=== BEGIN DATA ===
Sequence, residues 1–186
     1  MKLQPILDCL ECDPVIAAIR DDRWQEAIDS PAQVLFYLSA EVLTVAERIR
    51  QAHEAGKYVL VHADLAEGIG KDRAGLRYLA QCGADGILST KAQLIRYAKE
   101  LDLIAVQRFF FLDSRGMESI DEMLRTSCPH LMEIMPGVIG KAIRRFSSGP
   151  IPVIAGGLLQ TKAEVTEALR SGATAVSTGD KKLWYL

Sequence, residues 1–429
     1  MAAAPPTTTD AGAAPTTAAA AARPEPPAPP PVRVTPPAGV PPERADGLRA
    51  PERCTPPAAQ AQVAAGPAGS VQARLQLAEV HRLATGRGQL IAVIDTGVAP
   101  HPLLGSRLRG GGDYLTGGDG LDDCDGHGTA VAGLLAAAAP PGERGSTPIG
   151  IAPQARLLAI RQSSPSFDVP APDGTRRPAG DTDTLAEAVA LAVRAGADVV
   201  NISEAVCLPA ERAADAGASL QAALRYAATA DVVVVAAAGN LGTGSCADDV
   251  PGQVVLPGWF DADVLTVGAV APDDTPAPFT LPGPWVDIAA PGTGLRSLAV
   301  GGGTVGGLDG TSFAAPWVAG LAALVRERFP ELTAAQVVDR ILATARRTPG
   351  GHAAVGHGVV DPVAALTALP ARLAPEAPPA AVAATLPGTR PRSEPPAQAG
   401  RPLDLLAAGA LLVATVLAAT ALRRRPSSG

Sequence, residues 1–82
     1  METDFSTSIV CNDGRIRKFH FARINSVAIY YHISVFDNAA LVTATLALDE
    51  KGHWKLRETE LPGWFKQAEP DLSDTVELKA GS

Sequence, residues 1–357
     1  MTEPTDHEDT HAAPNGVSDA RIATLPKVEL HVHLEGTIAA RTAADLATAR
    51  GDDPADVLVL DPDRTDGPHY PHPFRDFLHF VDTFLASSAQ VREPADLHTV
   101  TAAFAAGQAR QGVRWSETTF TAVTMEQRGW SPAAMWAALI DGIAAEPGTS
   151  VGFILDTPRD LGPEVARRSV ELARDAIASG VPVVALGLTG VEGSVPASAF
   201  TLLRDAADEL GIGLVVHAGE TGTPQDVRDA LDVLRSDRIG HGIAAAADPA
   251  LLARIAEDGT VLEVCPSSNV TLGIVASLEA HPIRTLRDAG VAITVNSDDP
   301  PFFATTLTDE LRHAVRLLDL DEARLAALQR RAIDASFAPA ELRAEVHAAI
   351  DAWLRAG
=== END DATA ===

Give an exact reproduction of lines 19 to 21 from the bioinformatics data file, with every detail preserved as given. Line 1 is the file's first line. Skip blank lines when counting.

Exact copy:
Sequence, residues 1–357
     1  MTEPTDHEDT HAAPNGVSDA RIATLPKVEL HVHLEGTIAA RTAADLATAR
    51  GDDPADVLVL DPDRTDGPHY PHPFRDFLHF VDTFLASSAQ VREPADLHTV